Some of the worst parts of the GRACE experience as reported by respondents were too many blood draws (26 percent), travel to the study site (13 percent), and the opinion that medicines were hard to take (12 percent). Although 88 percent reported having completed the GRACE trial, only 74 percent actually did so. Support from site study staff (47 percent) was noted as the most important factor in completing the study. Other common success factors were feeling better or healthier (16 percent), receiving support from family/friends (15 percent), and having access to medications (13 percent). Of the 12 percent who reported not completing the study, the most cited reason for discontinuation was intolerable side effects/not liking how they felt (50 percent).

The majority (71 percent) reported that GRACE was their first HIV study and that they learned about the study from the staff at their clinic (82 percent). Most (79 percent) felt that receiving other medications in addition to the main study drug, darunavir, was very important in their decision to participate in the GRACE study. The majority (76 percent) participated in GRACE at their primary HIV care location and 77 percent did not have any difficulty arranging transportation to the study site. Nearly all (99 percent) participants reported being comfortable or very comfortable with the study site, indicating that the site was very flexible with scheduling visits (93 percent).

The results of the survey were published in an article in the June 2013 issue of AIDS Patient Care and STDs (Volume 27, Number 6), and can be accessed here: http://online.liebertpub.com/doi/full/10.1089/apc.2013.0015.

About the GRACE Study

GRACE was a multi-center (65 sites), open-label Phase 3b trial that compared the efficacy, safety, and tolerability of the protease inhibitor Prezista (600 mg) boosted with a low dose of ritonavir (100 mg) twice a day, in combination with an investigator-selected optimized background regimen for 48 weeks in men (n=142) and women (n=287).

The study was designed to enroll a high proportion of North American, treatment-experienced women that was reflective of the distribution and demographics of women with HIV in the United States. Trial sites were selected to correspond with the geographic distribution of women with HIV, with the majority of sites located in the Northeastern (16 sites) and Southeastern (29 sites) United States. Study sites were initially required to enroll three women before enrolling a man, and thereafter, each site was required to maintain at least 70 percent female enrollment. Men could only be enrolled if their addition did not compromise the 70 percent female quota.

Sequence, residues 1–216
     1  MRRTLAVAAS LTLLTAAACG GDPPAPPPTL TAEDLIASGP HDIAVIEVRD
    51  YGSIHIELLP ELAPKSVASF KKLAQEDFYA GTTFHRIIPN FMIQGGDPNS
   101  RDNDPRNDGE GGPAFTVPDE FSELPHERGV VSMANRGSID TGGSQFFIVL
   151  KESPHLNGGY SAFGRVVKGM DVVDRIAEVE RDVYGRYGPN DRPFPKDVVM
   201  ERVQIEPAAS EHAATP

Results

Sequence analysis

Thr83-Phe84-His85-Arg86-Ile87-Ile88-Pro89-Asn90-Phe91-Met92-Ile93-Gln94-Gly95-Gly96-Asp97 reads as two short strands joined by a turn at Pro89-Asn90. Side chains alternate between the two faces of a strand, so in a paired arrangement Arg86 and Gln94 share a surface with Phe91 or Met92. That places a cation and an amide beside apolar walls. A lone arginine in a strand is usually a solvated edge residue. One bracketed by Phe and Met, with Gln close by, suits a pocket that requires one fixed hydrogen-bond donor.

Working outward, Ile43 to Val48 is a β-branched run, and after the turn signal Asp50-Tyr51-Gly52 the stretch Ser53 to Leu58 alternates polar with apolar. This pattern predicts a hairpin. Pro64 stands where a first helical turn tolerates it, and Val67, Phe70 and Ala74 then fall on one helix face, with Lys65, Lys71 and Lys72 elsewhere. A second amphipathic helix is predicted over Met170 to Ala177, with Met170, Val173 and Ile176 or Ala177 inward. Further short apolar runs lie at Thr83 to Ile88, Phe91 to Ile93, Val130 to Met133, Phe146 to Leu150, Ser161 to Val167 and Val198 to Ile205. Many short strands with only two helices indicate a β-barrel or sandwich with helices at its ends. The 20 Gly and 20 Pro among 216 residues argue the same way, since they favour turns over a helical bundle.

Additional analyses were conducted as part of the GRACE study, including a sub-study examining efficacy and safety differences in response to race, as well as an immunology sub-study.

Study details and results were presented at the 5th International AIDS Society Conference on HIV Pathogenesis, Treatment, and Prevention (IAS 2009) and published in September 2010in Annals of Internal Medicine.

About Janssen Therapeutics

At Janssen, we are dedicated to addressing and solving some of the most important unmet medical needs of our time in HIV and other infectious diseases. Driven by our commitment to patients, we develop innovative products, services and healthcare solutions to help people throughout the world. Headquartered in Titusville, New Jersey, Janssen Therapeutics, Division of Janssen Products, LP, is one of the Janssen Pharmaceutical Companies of Johnson & Johnson. Visit www.JanssenTherapeutics.com for more information and follow us on Twitter at @JanssenUS.

6/6/13

Reference

K Squires, JFeinberg, DA Bridge, et al. Insights on GRACE (Gender, Race, And Clinical Experience) from the Patient's Perspective: GRACE Participant Survey. AIDS Patient Care and STDs 27(6):352-62. June 3, 2013.

Other Source

Janssen Therapeutics. Survey of Participants from Landmark GRACE Trial Provides Patients’ Perspectives from an HIV Clinical Study. Press release. May 30, 2013.